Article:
Have a look on transcat for a fluke , and you can probably pick up a bargain on Craigslist or eBay .

Last edited by Ian c; 09-07-2013 at 06:55 AM.
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Old 09-07-2013, 06:54 AM   #9
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Just had a quick look on your local CL ...
This would be more than ideal for 75 bucks if it has leads etc .

fluke multimeter

Or this one for 100 .

http://sfbay.craigslist.org/pen/tls/4043200302.html

This one is older , but cheaper . At 60 bucks

http://sfbay.craigslist.org/sfc/tls/4047183659.html

Last edited by Ian c; 09-07-2013 at 07:04 AM.
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Old 09-07-2013, 01:19 PM   #10
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Helpful posts! Thanks!

I just checked voltage with the car off and it's at 12.2V. With the car on, it's 14.3V. So does that mean the alternator is good?

I'm starting to suspect that something is draining the battery from somewhere. When I was driving the car the last time, the radio went out. Now with the battery charged up it works fine. When the car sat for a few days, the battery was completely dead.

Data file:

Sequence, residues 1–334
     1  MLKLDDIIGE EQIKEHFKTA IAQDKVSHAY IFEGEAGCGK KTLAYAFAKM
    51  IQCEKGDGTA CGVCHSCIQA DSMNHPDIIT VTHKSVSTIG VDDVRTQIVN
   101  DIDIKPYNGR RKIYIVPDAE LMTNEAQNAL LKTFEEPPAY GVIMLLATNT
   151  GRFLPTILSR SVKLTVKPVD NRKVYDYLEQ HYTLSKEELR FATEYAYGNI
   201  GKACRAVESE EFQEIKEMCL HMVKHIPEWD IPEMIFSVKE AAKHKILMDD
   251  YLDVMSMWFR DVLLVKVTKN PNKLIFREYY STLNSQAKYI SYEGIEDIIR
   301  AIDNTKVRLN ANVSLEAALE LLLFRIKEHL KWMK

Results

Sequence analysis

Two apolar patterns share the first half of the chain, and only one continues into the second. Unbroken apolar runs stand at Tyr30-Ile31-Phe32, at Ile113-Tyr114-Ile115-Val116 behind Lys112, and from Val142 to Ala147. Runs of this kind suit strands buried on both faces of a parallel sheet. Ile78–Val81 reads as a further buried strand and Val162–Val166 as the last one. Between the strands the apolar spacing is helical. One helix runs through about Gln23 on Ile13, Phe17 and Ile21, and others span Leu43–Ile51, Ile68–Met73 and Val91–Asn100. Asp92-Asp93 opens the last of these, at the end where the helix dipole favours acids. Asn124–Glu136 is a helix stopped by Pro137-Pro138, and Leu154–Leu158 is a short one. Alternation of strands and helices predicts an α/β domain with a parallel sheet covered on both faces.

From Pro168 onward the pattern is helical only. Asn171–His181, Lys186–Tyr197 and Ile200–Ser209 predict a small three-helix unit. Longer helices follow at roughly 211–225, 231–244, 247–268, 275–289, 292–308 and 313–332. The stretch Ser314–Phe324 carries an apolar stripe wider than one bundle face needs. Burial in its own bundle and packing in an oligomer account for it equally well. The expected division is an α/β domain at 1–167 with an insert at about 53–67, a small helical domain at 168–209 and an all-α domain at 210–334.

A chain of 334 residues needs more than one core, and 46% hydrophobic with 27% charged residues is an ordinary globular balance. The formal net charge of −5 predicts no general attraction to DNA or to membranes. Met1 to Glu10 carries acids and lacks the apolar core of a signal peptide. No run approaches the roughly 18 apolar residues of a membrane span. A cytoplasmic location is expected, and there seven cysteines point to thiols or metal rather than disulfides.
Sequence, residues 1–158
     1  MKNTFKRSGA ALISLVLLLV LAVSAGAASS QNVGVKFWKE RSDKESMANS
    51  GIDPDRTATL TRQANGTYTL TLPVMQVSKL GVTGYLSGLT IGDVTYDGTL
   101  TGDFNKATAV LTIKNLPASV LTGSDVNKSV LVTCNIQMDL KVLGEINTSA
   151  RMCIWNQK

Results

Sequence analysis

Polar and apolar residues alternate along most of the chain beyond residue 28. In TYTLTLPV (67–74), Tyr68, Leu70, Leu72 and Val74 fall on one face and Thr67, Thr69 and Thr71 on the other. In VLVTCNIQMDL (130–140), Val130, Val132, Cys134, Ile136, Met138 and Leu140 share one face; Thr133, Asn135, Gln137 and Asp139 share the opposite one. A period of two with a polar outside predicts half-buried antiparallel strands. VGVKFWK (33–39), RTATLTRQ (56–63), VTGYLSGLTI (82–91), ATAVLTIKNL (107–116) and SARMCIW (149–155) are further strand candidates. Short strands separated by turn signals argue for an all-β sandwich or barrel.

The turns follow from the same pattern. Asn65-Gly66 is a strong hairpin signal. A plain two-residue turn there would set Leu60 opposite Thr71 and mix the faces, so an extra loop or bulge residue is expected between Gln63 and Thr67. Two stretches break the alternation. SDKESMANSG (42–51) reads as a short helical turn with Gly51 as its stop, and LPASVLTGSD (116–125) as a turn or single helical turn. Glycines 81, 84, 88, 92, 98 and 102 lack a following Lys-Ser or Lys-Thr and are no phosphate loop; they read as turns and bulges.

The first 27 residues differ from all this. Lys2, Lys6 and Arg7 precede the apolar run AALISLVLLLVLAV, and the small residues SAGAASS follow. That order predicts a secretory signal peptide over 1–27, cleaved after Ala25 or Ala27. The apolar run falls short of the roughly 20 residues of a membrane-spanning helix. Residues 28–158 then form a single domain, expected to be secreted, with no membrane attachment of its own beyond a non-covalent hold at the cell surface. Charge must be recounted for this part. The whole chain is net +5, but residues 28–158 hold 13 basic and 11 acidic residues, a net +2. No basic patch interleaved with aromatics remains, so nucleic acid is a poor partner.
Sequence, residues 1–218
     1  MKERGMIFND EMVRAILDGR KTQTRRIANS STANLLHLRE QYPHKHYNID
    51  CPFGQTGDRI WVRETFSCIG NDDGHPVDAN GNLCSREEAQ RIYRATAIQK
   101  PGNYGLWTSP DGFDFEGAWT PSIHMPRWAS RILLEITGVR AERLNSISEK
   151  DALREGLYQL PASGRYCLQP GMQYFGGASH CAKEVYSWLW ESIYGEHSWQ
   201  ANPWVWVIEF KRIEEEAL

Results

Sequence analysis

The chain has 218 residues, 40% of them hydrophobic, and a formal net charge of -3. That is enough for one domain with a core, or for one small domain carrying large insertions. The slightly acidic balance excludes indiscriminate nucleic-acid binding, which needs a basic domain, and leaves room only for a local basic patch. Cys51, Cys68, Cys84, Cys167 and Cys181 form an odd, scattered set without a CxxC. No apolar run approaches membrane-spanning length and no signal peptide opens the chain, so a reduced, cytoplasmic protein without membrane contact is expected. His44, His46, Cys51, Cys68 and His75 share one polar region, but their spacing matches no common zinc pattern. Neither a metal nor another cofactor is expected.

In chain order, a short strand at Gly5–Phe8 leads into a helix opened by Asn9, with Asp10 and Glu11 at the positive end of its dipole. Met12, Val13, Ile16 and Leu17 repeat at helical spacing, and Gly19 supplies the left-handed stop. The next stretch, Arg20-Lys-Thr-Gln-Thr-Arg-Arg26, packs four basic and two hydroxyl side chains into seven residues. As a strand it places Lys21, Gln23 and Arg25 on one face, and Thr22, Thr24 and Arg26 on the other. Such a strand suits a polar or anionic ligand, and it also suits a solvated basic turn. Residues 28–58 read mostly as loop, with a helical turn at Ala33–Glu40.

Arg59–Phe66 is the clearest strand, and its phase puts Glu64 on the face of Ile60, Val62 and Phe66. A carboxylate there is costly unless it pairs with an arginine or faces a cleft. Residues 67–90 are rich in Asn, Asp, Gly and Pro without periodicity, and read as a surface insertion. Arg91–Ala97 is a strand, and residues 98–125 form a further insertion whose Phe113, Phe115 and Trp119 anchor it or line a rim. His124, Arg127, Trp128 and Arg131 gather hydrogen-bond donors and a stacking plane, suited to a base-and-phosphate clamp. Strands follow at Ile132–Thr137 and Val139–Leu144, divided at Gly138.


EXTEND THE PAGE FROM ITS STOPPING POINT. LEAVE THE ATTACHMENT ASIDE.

Any other thoughts?

If it was the voltage regulator, the voltage would be showing up all over the place on the multimeter with the car on, right? It holds a steady 14.2-14.3V with the car on.
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Old 09-07-2013, 01:24 PM   #11
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It is within range but how long did you leave it running for ?
it could drop off after a while so put your lights on and keep it ticking over for a while .
what meter did you get.
This type of scenario is why i use flukes with min/max and logging etc.

next you need to disconnect the ground and put your meter across battery- and disconnected - clamp wthen close everything .
This willtell you what your drain is running at .

Last edited by Ian c; 09-07-2013 at 01:28 PM.
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Old 09-07-2013, 01:30 PM   #12
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Ok. I just restarted the car and the voltage is now reading 13.9V. Voltage is going down slowly even with the car running.

Sorry Ian. Don't quite understand. Do I disconnect the ground while the car is running and then check voltage?

Last edited by 3point2; 09-07-2013 at 01:31 PM. Reason: Clarify
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Old 09-07-2013, 01:40 PM   #13
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Sounds like the regulator and or alternator is going .
It should read steady with a small load on it like lights on .
Everything else turned off , and don't forget the hvac controls ...

The drain check is with everything off to take an amp reading of what you lose from the battery with the car turned off . (Ie: parked over night)